Former Massachusetts governor Mitt Romney, a likely 2012 presidential contender, spoke at the Conservative Political Action Conference in Washington this morning. His speech, delivered briskly, was a sharp attack on the Obama agenda. Romney, the former chief executive at Bain Capital, dubbed the president’s economic policies the “most failed social experiment in modern history.”
“Let me make this very clear,” Romney said. “If I decide to run for president, it sure won’t take me two years to wake up to the job crisis threatening America. And I won’t be asking Timothy Geithner how the economy works — or Larry Summers how to start a business. I know.” Cheers ensued.
As we noted earlier, Romney tied Obama’s leadership to the high unemployment around the country. Obama, he argued, has created 21st-century “Hoovervilles.” The president’s inability to steward the economy, he lamented, is a “moral tragedy.” Liberals, he added, should be “ashamed.”
“President Barack Obama has stood watch over the greatest job loss in modern American history,” Romney said. “And that, my friends, is one inconvenient truth that will haunt this president throughout history. … It’s going to take a lot more than new rhetoric to put Americans back to work — it’s going to take a new president.”
On foreign policy, Romney slammed Obama, calling him “weak” and lacking a “clear direction.” But he did not wade into the unfolding drama in Egypt, instead opting to cast his criticisms more broadly. His themes, too, were wider in scope, focused more on American exceptionalism and the never-apologize thrust of his recent bestseller, No Apology: The Case for American Greatness. “I will not and I will never apologize for America,” he said, to applause.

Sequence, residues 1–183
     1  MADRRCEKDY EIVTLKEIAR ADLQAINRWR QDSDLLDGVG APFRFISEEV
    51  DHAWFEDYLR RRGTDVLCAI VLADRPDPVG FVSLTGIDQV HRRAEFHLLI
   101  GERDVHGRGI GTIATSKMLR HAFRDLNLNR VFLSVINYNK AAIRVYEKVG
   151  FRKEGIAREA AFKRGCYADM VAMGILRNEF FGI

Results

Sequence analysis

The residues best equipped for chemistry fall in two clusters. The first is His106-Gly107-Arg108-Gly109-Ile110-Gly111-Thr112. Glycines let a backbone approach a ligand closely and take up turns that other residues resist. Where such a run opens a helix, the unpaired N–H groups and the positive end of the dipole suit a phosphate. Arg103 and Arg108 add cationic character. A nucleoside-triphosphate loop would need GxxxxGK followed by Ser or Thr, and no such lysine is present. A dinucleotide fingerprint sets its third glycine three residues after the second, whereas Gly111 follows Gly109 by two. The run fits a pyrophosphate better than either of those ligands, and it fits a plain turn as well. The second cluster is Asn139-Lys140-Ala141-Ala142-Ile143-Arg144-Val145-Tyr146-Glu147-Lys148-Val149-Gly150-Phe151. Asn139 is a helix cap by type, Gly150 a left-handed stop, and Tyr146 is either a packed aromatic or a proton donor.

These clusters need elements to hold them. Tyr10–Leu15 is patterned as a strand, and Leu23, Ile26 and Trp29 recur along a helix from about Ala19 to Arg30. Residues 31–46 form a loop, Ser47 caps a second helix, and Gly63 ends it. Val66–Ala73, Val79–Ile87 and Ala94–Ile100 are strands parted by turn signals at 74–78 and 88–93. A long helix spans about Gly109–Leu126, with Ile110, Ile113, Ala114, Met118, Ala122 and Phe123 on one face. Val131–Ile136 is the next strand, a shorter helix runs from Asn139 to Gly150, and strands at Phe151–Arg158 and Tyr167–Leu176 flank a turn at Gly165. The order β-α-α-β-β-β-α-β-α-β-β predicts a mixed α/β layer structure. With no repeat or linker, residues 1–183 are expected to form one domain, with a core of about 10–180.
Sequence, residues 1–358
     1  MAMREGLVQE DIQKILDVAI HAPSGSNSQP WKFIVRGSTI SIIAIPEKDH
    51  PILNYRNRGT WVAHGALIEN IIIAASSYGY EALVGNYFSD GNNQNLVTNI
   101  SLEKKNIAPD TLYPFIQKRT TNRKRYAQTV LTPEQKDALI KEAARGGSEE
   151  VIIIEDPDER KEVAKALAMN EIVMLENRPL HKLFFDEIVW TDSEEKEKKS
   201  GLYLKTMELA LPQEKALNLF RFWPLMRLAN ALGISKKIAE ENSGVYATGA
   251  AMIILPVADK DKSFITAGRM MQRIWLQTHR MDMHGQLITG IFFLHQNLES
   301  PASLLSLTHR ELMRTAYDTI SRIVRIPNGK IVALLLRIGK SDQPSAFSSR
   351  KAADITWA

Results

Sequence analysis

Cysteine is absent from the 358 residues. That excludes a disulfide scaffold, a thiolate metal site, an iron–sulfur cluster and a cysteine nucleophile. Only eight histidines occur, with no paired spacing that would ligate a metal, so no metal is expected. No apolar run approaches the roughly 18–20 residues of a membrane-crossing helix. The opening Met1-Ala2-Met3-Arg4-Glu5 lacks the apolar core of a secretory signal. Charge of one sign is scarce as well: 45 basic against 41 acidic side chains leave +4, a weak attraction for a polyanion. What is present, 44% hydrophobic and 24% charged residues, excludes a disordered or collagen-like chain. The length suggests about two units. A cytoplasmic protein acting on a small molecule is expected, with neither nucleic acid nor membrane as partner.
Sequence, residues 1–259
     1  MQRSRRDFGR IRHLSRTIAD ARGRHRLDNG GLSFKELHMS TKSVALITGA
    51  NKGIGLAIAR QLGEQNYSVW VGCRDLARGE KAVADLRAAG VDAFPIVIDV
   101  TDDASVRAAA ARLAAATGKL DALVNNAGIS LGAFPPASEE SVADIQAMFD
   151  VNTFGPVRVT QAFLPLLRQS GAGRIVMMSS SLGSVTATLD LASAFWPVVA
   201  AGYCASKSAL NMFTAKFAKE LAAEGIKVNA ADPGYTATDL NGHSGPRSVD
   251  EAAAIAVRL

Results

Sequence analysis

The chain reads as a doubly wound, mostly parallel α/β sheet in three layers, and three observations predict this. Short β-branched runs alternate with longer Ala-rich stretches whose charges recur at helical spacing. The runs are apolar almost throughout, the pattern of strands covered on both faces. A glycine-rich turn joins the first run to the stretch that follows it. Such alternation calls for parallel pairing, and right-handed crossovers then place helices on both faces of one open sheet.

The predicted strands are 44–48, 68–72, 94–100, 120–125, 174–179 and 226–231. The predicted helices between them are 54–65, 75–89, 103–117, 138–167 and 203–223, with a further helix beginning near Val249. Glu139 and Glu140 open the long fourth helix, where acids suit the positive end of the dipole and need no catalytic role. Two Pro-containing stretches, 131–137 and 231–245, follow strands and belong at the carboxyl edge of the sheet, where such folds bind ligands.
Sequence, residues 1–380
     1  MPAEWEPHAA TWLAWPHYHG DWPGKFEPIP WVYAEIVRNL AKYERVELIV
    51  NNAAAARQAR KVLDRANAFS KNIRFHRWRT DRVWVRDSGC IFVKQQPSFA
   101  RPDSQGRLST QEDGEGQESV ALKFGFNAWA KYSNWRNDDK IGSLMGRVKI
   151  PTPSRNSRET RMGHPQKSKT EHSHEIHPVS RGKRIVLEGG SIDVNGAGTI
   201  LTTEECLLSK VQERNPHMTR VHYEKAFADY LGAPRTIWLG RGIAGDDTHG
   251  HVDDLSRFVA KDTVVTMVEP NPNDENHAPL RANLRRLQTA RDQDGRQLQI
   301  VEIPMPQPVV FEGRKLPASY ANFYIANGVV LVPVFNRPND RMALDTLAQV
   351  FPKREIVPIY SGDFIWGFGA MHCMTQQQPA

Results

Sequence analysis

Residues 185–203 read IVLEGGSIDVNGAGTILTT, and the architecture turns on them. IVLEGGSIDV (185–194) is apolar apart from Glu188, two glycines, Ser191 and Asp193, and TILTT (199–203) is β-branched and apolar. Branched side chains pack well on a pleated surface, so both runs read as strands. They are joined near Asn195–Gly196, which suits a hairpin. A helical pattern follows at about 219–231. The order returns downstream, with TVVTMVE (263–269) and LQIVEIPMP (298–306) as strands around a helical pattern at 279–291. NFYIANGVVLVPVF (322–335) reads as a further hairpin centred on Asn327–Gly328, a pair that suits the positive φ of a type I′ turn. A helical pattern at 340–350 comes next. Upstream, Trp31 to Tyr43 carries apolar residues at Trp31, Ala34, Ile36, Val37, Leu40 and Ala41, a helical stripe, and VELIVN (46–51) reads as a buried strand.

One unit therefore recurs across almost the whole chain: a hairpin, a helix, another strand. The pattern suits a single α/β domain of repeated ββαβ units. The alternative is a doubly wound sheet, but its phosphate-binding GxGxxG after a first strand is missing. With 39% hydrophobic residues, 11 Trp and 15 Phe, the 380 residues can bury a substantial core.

Romney also enjoyed ripping into Obama’s superficial tack to the center. “The president went from ‘Change you can believe in’ to ‘Can you believe this change?’” he joked, in a section about the president’s State of the Union address. “He sounded like he was going to dig up the first lady’s organic garden to put in a Bob’s Big Boy.”
The red-meat one-liners kept coming. “Make no mistake: What we are watching is not Brave New World; what we’re watching is Groundhog Day!” Romney exclaimed. “It could be worse? This is the leader of the free world’s answer to the greatest job loss since the Great Depression? What’s next? ‘Let them eat cake’? Oh, excuse me. Organic cake.”
Unlike many CPAC speakers, Romney did not spend chunks of his speech criticizing Obamacare, perhaps for good reason: The health-care program he spearheaded in the Bay State, which mandated coverage, remains controversial in conservative circles. By mostly avoiding this issue, he left the stage as a crowd-pleaser.
Romney was introduced by his wife, Ann, who took to the podium as Van Halen’s “Right Now” blared across the cavernous ballroom at the Marriott Wardman Park. Mrs. Romney praised her husband’s values and seemed more than ready to hit the campaign trail. “I know Mitt as a person, a very good person. I have also seen him as a leader,” she said. “And I, for one, would like to see him lead the country as president of the United States.
Romney has had positive receptions at CPAC before; he has won the conference’s straw poll three times. “CPAC is always fabulous,” he said, smiling warmly. “What a welcome, great friends.”